Researchers suggest da Vinci’s “lost masterpiece” was never actually painted

Researchers suggest da Vinci’s “lost masterpiece” was never actually painted
A copy of a 1504 Leonardo da Vinci painting known as "The Battle of Anghiari" created by Peter Paul Rubens around 1604. Courtesy Wikimedia Commons.
Leading lights  -   Experts

You can’t lose something that never existed. That’s what some researchers have to say about a work by Leonardo da Vinci known as the “lost masterpiece.” While a full-scale cartoon for the work still exists of the artist’s 1504 The Battle of Anghiari, the actual painting and its location have been the subject of theories for decades. The latest theory on the topic, though, poses that da Vinci never actually painted the fresco.

Maurizio Seracini’s research has been leading the pack for many years. Thanks to him, it has been thought that the partially-completed da Vinci fresco, which is only known now by preparatory drawings and a 17th-century copy by Peter Paul Rubens, lay beneath the surface of one of the Palazzo Vecchio’s walls. However, research undertaken by art historians Roberta Barsanti, Gianluca Belli, Emanuela Ferretti, and Cecilia Frosinini and presented at meetings held by Florence’s Uffizi Galleries further suggests otherwise. Their technical analyses support claims by art historian Francesca Fiorani that the painting isn’t behind the wall because it doesn’t exist.

Having studied the painting since the mid-1970s, Seracini found a place in the Palazzo Vecchio where the da Vinci might be hidden behind a false wall. The main issue, though, is that the possible false wall is the home to Giorgio Vasari’s 1563 painting The Battle of Marciano. Seracini wanted to implement a series of high-tech tests to figure out, once and for all, if the da Vinci lay beneath the Vasari. In 2009, he began drilling holes in the Vasari, but amid public outcry, further drilling and testing were delayed a number of times before they were halted indefinitely in 2012.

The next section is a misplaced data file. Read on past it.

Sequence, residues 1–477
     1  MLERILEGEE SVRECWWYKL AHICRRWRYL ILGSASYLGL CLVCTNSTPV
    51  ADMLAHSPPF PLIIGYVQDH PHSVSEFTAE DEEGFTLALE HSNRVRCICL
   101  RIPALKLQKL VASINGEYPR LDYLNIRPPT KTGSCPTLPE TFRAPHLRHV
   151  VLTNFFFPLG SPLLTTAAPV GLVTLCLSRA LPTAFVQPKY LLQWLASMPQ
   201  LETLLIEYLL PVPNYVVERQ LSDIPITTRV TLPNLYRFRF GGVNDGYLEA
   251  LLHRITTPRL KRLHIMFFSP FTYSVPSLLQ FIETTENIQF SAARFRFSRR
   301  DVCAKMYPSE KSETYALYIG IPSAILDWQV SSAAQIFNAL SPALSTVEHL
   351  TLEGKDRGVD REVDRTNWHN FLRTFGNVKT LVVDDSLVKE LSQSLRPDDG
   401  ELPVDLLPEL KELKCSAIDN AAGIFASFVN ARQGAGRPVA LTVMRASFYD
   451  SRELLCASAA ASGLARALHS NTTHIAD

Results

Another key component to Seracini’s research, was the discovery of a specific black pigment at the wall that matched that used by da Vinci in the Mona Lisa. The connection could prove Seracini’s point, but, as pointed out by the group of art historians, that specific pigment was used widely by area artists at the time, so it didn’t mean a da Vinci was present. Moreover, Mauro Matteini, also an art historian, argued in the 2019 publication that the traces of black pigment could have come from the wall, itself, as opposed to an artwork.

The research performed by Barsanti, Belli, Ferretti, and Frosinini, published in 2019, supports the fairly straightforward and simple explanation to the mystery of the missing masterpiece laid out by Fiorani. According Fiorani, whose new book The Shadow Drawing: How Science Taught Leonardo to Paint will be released next month, the oil and gesso process long-thought to be part of da Vinci’s painting was instead part of the preparations for the fresco. If they were part of wall preparations, they would not have worked for the da Vinci painting. “Since the process to prepare the wall was not successful, Leonardo never painted on it,” Fiorani told Artnews. “This means that Leonardo’s battle existed only as a cartoon, never as paint on a wall.”

These new findings won’t stifle Seracini’s research and beliefs, though, and the search for the “lost masterpiece” will most assuredly continue.